S.C. Conservatives Look for Their Man
By Joel Achenbach
The worst thing you can say about a Republican candidate is that he's not really, truly, authentically conservative. So it was that Mike Huckabee, talking a few days ago at The Citadel, noted the attacks on him for being something other than conservative, and then ran through a litany of his achievements as governor of Arkansas. His voice rising, he said, "Anybody with an IQ above broccoli calls that conservative!"
The Republican presidential contenders have been trying frenetically to sell themselves as authentic, solid, unflinching conservatives. This is critical in the Deep South, where Republicans aren't necessarily "social conservatives" or "fiscal conservatives" or "national security conservatives," but just plain ol' conservatives -- hard right all the way down the line, and proud of it.
The Republican contest in the South Carolina has historically tugged candidates toward the right, as when John McCain waffled in 2000 on whether the Confederate flag should be flown on the state capitol -- a pander for which he abjectly apologized after he was out of the running, saying he had compromised his principles. Just a few days ago, Huckabee courted those who favor flying the Confederate flag, framing it as a case of outsiders trying to tell South Carolina what to do.
There may be some liberal Republicans in the Deep South, but they're as hard to find at campaign gatherings as an ivory-billed woodpecker.
"I am conservative to ultra-conservative," said Cindy Koon, 37, at a Fred Thompson campaign event Thursday in Prosperity, S.C. (which was originally called Frog Level, but "they couldn't get a train to stop at a place called Frog Level, so they renamed it Prosperity," she said).
Lorraine Waterfall of Newberry, asked where she stands on the liberal-to-conservative ideological spectrum, said, "Strom Thurmond conservative. Does that answer your question?"
It did, but she elaborated nonetheless.
"I'm concerned about the borders. I'm concerned about the economy. I'm concerned about socialism coming in. Of course, we already have some socialism."
Tom Barber, a county worker sitting in a pickup truck in Newberry as he waited for Fred Thompson (touring in a bus emblazoned with the words "The Clear Conservative Choice - Hands Down!") to show up, said he's "very conservative" and said he wouldn't vote for John McCain because "Some of McCain's choices have not been as conservative as I like." He cited McCain's opposition to the Bush tax cuts as an example. "Anybody who wants tax increases is not a conservative," Barber said.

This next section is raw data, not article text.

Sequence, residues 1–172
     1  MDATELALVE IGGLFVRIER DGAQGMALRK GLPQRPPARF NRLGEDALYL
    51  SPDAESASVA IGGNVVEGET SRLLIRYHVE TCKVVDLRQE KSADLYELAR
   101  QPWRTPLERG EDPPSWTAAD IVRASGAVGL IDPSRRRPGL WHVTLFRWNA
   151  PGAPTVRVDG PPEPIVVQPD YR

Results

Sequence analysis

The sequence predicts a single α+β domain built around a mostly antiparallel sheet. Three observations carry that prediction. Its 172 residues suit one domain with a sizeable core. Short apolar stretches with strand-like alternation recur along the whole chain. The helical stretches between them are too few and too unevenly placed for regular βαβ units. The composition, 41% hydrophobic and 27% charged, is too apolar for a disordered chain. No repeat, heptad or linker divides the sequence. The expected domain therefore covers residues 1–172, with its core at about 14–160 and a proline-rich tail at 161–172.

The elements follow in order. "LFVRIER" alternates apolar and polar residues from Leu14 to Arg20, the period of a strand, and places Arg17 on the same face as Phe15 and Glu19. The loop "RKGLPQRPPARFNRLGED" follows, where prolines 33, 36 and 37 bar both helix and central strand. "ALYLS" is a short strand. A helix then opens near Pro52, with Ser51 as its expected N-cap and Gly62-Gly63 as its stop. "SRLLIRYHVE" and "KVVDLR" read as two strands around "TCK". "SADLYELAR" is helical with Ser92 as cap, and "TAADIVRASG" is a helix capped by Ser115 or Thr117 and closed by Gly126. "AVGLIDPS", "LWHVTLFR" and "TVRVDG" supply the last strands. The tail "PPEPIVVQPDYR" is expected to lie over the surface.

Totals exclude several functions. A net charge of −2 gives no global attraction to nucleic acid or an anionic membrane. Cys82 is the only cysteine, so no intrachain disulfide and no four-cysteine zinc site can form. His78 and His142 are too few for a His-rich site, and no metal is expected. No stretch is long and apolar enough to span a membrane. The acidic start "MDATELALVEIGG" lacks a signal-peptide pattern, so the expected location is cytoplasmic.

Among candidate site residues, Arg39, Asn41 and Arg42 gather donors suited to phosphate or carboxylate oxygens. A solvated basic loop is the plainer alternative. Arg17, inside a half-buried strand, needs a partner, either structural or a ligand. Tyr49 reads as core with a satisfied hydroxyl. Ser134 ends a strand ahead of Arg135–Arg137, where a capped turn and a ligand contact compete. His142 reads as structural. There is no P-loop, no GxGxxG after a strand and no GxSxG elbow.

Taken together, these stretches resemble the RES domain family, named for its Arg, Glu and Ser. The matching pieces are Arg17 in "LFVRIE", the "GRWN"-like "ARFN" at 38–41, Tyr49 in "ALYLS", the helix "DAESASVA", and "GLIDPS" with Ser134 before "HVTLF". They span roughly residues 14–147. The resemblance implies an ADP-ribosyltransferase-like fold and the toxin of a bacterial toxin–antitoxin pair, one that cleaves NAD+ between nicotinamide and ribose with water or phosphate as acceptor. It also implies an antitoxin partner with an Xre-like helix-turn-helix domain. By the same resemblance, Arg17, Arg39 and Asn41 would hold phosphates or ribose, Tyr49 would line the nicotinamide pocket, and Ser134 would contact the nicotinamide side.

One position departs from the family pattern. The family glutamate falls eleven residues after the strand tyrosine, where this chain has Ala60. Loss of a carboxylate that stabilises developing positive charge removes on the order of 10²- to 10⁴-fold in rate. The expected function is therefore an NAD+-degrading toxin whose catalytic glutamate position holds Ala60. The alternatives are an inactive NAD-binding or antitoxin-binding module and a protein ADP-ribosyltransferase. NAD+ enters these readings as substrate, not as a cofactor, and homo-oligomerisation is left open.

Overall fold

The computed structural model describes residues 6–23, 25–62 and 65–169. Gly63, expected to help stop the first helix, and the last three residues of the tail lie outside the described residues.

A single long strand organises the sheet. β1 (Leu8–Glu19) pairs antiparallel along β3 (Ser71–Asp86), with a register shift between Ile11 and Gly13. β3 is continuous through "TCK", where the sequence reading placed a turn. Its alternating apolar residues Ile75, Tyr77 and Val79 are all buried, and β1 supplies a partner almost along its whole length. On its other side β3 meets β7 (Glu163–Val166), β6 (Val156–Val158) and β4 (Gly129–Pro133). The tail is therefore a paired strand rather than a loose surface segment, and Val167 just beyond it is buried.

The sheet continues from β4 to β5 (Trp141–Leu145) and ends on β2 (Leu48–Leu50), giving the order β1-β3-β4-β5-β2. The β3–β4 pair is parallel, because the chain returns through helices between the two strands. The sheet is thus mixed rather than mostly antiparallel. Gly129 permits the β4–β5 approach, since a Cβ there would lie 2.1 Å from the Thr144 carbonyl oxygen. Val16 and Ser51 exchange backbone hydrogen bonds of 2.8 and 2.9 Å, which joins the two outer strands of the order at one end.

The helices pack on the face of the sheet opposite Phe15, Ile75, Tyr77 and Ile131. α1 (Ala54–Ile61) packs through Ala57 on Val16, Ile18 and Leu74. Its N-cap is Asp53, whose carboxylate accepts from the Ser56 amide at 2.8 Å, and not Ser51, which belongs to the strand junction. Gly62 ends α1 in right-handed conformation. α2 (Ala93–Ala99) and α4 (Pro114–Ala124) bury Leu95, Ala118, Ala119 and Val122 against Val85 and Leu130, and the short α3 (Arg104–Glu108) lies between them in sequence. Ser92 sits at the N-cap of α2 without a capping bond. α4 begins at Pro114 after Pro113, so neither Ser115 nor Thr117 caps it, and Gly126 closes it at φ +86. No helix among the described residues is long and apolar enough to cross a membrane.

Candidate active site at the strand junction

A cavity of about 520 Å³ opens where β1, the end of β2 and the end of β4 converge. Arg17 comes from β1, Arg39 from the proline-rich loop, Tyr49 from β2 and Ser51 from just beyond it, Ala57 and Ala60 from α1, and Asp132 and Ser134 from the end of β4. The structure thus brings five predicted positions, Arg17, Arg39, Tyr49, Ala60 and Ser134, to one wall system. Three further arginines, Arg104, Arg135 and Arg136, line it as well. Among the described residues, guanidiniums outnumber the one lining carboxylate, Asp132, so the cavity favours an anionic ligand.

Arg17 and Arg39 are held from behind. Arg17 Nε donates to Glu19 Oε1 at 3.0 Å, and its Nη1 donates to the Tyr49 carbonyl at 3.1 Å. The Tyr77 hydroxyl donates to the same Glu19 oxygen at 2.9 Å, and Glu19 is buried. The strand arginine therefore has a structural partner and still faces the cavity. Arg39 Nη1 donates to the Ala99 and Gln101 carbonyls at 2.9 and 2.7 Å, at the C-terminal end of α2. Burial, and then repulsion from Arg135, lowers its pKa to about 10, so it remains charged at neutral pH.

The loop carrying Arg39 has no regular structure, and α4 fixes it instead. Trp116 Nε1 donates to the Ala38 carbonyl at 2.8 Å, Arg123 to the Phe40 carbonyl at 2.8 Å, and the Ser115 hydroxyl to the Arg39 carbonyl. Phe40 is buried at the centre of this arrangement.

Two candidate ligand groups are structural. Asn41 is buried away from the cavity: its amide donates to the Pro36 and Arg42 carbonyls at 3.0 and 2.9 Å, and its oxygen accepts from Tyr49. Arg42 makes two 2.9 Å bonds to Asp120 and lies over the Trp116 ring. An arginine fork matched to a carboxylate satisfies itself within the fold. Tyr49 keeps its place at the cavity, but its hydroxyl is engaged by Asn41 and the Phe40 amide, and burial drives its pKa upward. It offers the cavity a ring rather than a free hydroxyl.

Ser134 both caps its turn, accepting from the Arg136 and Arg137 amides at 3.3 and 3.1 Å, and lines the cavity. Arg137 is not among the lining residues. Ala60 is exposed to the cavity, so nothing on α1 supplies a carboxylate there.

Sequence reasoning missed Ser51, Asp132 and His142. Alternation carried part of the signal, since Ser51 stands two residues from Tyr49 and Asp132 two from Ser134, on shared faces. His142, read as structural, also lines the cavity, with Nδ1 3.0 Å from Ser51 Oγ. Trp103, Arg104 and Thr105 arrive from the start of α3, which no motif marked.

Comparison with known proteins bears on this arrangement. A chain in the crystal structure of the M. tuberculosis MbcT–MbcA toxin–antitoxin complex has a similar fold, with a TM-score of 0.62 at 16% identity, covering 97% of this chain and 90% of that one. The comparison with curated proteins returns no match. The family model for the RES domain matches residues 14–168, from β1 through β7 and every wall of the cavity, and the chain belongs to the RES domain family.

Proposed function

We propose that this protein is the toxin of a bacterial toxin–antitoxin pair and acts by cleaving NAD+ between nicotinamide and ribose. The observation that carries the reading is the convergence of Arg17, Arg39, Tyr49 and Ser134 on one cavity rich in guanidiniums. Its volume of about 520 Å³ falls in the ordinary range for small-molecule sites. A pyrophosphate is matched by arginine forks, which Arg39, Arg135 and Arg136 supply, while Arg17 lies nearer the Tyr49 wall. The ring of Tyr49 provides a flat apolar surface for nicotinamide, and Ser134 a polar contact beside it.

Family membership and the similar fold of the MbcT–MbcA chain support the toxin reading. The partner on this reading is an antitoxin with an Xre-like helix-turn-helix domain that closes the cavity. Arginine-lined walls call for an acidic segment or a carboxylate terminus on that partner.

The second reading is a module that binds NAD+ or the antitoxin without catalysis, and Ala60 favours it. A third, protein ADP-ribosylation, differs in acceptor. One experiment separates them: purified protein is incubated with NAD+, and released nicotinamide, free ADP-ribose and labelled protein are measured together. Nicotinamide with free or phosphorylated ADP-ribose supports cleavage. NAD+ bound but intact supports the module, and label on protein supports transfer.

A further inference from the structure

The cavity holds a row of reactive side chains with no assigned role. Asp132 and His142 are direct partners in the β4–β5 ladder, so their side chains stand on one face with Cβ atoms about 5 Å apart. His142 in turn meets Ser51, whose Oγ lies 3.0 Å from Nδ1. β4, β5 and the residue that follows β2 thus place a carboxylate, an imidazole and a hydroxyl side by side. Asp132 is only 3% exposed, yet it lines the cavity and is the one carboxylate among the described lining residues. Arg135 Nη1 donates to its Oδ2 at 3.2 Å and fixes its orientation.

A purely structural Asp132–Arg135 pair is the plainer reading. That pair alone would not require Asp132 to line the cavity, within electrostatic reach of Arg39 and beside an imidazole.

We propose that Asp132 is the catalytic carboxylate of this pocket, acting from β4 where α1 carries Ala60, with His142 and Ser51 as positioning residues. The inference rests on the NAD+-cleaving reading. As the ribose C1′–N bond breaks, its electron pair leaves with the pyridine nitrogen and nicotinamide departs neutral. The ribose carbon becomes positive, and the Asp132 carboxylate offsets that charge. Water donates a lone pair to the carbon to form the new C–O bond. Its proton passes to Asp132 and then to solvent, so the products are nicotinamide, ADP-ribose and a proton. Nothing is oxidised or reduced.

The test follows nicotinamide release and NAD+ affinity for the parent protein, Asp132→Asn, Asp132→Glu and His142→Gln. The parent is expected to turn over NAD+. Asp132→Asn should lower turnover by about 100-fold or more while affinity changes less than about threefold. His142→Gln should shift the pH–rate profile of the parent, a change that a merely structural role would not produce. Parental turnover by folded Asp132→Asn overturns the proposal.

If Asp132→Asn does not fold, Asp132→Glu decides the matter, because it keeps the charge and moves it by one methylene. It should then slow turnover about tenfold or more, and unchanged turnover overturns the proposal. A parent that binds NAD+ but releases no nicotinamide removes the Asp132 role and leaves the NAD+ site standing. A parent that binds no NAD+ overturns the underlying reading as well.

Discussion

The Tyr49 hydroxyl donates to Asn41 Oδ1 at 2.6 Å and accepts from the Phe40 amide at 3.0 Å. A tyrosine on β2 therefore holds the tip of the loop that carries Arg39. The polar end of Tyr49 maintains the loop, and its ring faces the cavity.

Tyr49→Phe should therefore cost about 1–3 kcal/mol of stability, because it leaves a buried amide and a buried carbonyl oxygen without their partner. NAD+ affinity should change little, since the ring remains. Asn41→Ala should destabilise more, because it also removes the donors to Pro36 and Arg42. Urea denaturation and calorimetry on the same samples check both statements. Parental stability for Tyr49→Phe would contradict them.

South Carolina is just the start; more southern states vote imminently. Although Florida, with its culturally diverse population, doesn't generally get viewed as the Deep South, it is anchored to the continent by staunch conservative territory that stretches from Jacksonville to Pensacola and dips down the peninsula to places such as Ocala and Lakeland. Then comes Feb. 5, when Georgia, Alabama, Tennessee and Arkansas cast their ballots.
Thursday afternoon Thompson did a stroll through the sparsely populated retail area of downtown Newberry, S.C. As he got off his bus, he was greeted by a local supporter named Chad Connelly, who directed Thompson's gaze to a mural on the faÃ§ade of the old courthouse. It shows an eagle holding a ribbon upon which dangles an uprooted palmetto tree. On one end of the tree, a dove holds an olive branch. On the other end, near the root-ball, is a gamecock, a symbol of South Carolina.
"The gamecock looks back in defiance," Connelly told me after Thompson had left.
What's that mean?
"I think it means, hey, we love America, but we're holding you accountable for the whole states' rights thing," he said.
He said Thompson doesn't have to repair relations with any of the various branches of conservatism: "He doesn't have to apologize to the social conservatives, or the fiscal conservatives or the military conservatives."
The question for Thompson is whether his message -- however conservative -- amounts to too little, too late.
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